The effects of the antioxidant lipoic acid on beef longissimus bloom time

G. Rentfrow, M. L. Linville, C. A. Stahl, K. C. Olson, E. P. Berg

Research output: Contribution to journalArticlepeer-review

34 Scopus citations


The objective of this study was to evaluate the influence of lipoic acid (LA) on beef LM steak bloom time, as well as to characterize bloom time in the CIE L*, a*, and b* color space over a 93-min period. Thirty-two Simmental steers were supplemented with LA for 21 d immediately before slaughter at levels of 0, 8, 16, or 24 mg of LA/kg BW (eight steers per treatment). Lipoic acid was mixed with liquid paraffin, allowed to solidify, prilled, and top-dressed over a standard finishing diet. Steers were slaughtered at the University of Missouri abattoir in four groups of eight (two steers per treatment) over a 2-wk period. After a 24-h chill at 4°C, the right LM was removed from each carcass. One 2.54-cm steak was removed from the anterior portion of the LM, and its color characteristics (CIE L*, a*, and b*) were measured immediately with a standardized spectrocolorimeter. Color measurements were taken every 3 min thereafter for a total of 93-min. Hue angle (true red) and chroma (color saturation) were calculated from the color measurements. Addition of LA to the diet had no effect on bloom time (P = 0.67). When treatment means were analyzed, the addition of 24 mg of LA/kg BW to the diet resulted in higher (lighter) L* values (P < 0.05) compared with other treatments, whereas the addition of 16 mg of LA/kg BW to the diet caused lower hue angles (more true red; P < 0.05) when compared with other treatments. Addition of LA to the diet did not affect a* (P = 0.13) and b* (P = 0.18) values or chroma (P = 0.62). In the absence of treatment effects, bloom times for all treatments were pooled, and L* values did not change (P > 0.05) during the 93-min bloom time; however, a* and chroma values increased for 9 min and plateaued after 12 min (P < 0.01). Similarly, b* values increased (P < 0.01) for the first 6 min, and after 9 min, no further increase in yellowness was detected. Bloom time had little effect on hue angle, which stabilized after 3 min. Supplementing steers with the antioxidant LA for 21 d had no effect on the bloom time of beef LM; however, higher levels of supplemental LA affected L* values and hue angles of beef.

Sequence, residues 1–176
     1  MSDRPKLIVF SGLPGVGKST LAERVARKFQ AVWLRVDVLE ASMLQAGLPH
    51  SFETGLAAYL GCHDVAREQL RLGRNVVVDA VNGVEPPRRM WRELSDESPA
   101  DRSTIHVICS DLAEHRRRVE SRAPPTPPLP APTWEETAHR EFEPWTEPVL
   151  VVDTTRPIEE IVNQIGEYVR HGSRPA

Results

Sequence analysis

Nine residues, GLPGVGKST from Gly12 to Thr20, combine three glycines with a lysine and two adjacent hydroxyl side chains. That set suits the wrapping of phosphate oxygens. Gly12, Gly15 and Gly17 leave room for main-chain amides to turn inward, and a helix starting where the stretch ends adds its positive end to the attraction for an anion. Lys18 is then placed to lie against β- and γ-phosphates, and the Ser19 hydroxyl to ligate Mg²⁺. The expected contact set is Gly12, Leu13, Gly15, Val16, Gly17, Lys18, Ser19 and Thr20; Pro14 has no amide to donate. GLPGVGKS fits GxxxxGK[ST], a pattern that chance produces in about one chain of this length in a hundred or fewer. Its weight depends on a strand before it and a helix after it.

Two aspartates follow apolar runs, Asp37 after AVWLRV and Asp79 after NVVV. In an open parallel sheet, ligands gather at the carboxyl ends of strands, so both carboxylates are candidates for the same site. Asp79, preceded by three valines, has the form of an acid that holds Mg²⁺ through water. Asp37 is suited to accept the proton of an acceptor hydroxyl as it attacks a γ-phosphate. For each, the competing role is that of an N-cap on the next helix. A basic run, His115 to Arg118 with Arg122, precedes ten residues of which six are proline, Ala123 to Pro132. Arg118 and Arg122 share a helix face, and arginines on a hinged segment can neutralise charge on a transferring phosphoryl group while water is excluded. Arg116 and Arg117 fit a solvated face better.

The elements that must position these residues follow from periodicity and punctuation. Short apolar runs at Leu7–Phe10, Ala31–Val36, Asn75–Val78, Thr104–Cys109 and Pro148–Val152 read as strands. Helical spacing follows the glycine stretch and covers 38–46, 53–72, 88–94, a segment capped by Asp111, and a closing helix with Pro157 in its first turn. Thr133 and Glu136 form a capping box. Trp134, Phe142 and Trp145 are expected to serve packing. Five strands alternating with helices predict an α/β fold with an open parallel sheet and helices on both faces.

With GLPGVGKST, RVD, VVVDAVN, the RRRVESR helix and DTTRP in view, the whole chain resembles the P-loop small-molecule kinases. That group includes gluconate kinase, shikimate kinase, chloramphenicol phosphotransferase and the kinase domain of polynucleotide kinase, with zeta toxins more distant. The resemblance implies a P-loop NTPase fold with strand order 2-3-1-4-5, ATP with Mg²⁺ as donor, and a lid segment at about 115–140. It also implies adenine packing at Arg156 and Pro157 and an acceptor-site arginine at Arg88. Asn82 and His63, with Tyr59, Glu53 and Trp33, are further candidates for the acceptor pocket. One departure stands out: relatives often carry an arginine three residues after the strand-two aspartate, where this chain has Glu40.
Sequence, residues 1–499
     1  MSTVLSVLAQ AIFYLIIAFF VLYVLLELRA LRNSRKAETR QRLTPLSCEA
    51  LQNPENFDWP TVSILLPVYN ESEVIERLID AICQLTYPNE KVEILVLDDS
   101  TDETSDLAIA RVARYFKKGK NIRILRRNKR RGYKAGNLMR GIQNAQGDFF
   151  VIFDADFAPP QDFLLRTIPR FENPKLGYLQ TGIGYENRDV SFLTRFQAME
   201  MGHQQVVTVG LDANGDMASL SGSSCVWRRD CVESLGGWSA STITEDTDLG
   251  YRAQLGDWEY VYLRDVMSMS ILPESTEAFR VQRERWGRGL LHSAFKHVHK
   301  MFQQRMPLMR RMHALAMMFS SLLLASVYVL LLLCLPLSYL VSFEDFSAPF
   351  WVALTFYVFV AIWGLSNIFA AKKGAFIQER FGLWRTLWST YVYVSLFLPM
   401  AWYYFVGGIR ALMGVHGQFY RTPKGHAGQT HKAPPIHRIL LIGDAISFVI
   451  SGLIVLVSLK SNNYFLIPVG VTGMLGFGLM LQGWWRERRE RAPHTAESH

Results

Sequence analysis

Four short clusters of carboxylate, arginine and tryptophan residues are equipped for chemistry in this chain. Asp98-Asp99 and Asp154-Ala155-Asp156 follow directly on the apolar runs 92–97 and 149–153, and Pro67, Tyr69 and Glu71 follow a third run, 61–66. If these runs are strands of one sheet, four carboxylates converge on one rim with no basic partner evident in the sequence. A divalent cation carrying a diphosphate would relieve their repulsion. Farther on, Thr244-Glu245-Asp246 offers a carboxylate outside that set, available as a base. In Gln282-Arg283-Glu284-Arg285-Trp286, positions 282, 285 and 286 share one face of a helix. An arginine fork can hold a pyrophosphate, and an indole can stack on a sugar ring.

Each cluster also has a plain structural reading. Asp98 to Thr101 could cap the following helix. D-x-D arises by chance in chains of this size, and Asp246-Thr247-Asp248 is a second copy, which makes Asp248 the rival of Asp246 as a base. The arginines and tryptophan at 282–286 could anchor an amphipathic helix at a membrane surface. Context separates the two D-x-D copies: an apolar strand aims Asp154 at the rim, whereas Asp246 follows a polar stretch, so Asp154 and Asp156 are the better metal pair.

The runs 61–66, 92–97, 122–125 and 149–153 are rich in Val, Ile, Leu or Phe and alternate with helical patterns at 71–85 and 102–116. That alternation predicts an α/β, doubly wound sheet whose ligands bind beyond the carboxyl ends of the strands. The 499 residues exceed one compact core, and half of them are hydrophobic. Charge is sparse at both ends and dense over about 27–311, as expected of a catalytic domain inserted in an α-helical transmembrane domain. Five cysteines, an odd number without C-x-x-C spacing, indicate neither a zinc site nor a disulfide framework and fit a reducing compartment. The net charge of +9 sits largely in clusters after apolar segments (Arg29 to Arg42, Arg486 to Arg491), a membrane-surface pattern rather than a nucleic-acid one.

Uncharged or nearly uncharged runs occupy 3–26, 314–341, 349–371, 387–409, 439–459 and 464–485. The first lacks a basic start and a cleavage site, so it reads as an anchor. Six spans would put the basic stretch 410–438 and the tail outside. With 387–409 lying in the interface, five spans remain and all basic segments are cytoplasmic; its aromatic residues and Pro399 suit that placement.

Original languageEnglish
Pages (from-to)3034-3037
Number of pages4
JournalJournal of Animal Science
Issue number10
StatePublished - Oct 2004


  • Beef
  • Bloom Time
  • Color
  • Lipoic Acid
  • Longissimus Muscle

ASJC Scopus subject areas

  • Food Science
  • Animal Science and Zoology
  • Genetics


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